11-28-2007, 09:13
Here are my thoughts, having not hiked the AT yet.

I'm inclined not to use mail drops, but to purchase food along the way mostly in grocery stores. I would be particularly interested in Farmer's markets and roadside fruit and vegetable stands. Those foods are heavy of course, but I would pig out on such occassions. Also I think I would be in the habit of eating less dense food like that when resupplying and the next day after, and the more dense food beyond that, saving the really dense food as the emergency ration at the end.

I am currently 220#, and find that a very comfortable weight for hiking, as long as I don't have to wear clothes or carry food. In fact, at any weight over 200# I would be inclined to minimize my gear weight and food weight, with a total skinout weight of 20# to 30# depending on how far to the next resupply point. I would also plan on burning body fat at this stage. How much food and fat I burn would depend on my fitness at the time, which is only somewhat independant of body weight. So during this stage my total weight on feet might vary from 220# to 250#. The food I carry would be 5-10# depending on the next resupply point. I would aim for 5 days between resupply.

But it would be nice to time things to hit farmers markets when they are open, and where they exist. Once my body weight is below 200# I will start carrying enough food to go 7 days between resupply. I might try and go a full fortnight for some sections once I am lean enough to carry that much food, but that would be one heck of a long ways. Trail towns can't be all that bad. ;)

11-28-2007, 09:43
Forget the math. You can't really plan this stuff, there's no point in it. Carry guides, talk to other hikers, check the shelter registers. You'll get wind of the various eating/resupply options as you go. Be opportunistic and flexible.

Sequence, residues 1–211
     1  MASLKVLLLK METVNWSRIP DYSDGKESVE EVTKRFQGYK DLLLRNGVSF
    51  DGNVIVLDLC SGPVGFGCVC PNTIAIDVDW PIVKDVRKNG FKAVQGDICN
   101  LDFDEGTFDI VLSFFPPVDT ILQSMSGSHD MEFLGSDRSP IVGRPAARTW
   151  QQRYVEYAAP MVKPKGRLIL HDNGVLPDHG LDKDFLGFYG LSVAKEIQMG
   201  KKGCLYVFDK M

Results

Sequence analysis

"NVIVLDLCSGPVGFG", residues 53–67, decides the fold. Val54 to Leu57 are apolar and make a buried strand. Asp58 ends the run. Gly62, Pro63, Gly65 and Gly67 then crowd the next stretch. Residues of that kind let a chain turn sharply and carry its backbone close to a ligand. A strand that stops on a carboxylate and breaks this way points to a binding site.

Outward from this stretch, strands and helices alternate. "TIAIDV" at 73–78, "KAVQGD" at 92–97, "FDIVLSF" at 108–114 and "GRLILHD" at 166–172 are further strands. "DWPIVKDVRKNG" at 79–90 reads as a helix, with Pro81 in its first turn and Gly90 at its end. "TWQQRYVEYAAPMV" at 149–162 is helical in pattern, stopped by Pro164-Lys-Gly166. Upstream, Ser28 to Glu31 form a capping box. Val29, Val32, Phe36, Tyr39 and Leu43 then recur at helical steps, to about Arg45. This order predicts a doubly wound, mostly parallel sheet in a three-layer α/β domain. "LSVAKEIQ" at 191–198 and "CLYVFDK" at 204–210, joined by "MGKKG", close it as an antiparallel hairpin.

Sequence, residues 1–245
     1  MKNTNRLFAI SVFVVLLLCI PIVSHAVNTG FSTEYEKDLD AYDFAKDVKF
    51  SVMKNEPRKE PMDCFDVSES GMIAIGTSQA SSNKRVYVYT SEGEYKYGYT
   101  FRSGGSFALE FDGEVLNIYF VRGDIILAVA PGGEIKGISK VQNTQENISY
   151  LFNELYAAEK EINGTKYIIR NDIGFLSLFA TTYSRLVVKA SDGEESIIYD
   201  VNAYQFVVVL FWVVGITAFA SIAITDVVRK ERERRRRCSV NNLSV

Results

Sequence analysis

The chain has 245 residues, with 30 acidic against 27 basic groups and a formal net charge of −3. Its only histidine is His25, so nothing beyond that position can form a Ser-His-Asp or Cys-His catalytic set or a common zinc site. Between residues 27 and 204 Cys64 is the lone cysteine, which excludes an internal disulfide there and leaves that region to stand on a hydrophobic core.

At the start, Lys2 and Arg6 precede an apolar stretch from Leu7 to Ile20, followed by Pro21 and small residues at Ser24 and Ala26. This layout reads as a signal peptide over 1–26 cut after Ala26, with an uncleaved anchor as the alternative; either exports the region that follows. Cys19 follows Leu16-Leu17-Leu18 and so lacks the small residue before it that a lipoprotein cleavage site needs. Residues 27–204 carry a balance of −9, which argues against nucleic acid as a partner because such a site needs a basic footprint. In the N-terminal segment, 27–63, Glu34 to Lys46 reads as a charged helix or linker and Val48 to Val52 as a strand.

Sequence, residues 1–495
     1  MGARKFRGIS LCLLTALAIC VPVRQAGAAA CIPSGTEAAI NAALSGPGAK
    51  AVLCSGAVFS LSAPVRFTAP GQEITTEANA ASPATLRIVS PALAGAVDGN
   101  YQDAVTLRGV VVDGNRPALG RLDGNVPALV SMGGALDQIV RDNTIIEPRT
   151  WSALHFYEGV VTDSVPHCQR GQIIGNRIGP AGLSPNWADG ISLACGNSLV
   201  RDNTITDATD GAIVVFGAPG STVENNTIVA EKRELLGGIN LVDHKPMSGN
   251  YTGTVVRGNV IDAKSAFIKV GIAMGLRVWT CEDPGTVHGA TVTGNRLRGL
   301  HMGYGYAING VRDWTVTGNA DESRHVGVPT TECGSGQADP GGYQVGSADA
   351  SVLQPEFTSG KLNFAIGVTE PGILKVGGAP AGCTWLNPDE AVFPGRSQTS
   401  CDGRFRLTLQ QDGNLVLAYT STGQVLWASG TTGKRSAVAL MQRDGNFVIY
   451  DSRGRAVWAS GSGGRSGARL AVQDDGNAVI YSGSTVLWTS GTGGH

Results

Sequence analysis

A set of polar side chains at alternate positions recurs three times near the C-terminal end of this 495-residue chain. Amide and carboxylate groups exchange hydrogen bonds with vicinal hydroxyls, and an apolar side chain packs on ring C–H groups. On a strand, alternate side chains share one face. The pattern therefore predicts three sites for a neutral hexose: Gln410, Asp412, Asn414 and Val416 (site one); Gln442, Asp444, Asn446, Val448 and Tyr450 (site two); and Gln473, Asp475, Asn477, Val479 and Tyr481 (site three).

There are times and places where food resupply is easy (eg. the mid-Atlantic section of the trail) others where it's harder (eg., NH and Maine.) Your appetite will vary according to many factors -- fitness, weather, exertion, etc. Your willingness to carry food weight will also vary. At times you'll want "immersion" in the woods, and other times when you crave town comforts and real food.

Occasionally you can get meals within an easy walk of the trail. Eg., on the first two days SOBO from Harpers Ferry, you can get a good hot meal at lunchtime just a few minutes off the trail. You can use that to extend your range or to carry a lighter load, as you please.

11-28-2007, 09:56
This is one of those times I am inclined to forget the Math also.
I would be willing to be carrying more to maintain some flexibility.

Tin Man
11-28-2007, 09:56
I agree with terrapin - you cannot calculate your way to Katahdin other than by tracking your average daily mileage so you can get there before Baxter closes or determine whether a flip-flop is in order. Food stop calculations are meaningless when there is so much variability in where you can stop for resupply.

Tipi Walter
11-28-2007, 10:03
This is not so much a math question as one of HYOH/what's-you-intention kind of thing. I have found that with the right pack and amount of food/fuel, it is possible to stay out around 18 days without resupply. This would be carrying around 30-35 pounds of food and allows a backpacker the freedom to stay out longer without dealing with cars/traffic/roads/hitching. Although I have nothing against hitching(actually like it), the AT backpacking experience does not have to be a specialized one of 3-5 day resupplies but could be one of staying out longer in the woods.

11-28-2007, 10:15
...the AT backpacking experience does not have to be a specialized one of 3-5 day resupplies but could be one of staying out longer in the woods.

Nothing wrong with this approach, but it would be bucking the trend, for sure. You been talking to Programbo? ;) I did meet one young fella (Phoenix) on this year's hike who said he was carrying 2 weeks worth of food. Also an older gentleman at Calf Mtn. shelter who was carrying 15-20# of food for a slow amble (w/o resupply) through Shenandoah NP.